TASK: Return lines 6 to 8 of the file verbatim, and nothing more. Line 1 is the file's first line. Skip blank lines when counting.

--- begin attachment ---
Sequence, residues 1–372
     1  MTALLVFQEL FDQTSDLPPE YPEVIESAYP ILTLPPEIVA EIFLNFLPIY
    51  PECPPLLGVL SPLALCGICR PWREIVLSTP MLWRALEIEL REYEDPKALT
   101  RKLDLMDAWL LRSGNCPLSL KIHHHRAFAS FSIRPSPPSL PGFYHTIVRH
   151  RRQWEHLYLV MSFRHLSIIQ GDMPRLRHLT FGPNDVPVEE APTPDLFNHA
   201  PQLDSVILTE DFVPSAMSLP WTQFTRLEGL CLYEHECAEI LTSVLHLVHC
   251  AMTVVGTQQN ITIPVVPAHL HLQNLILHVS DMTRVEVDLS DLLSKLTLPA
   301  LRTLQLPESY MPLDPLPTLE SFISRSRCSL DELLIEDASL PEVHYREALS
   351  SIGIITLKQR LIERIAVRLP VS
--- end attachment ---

   201  PQLDSVILTE DFVPSAMSLP WTQFTRLEGL CLYEHECAEI LTSVLHLVHC
   251  AMTVVGTQQN ITIPVVPAHL HLQNLILHVS DMTRVEVDLS DLLSKLTLPA
   301  LRTLQLPESY MPLDPLPTLE SFISRSRCSL DELLIEDASL PEVHYREALS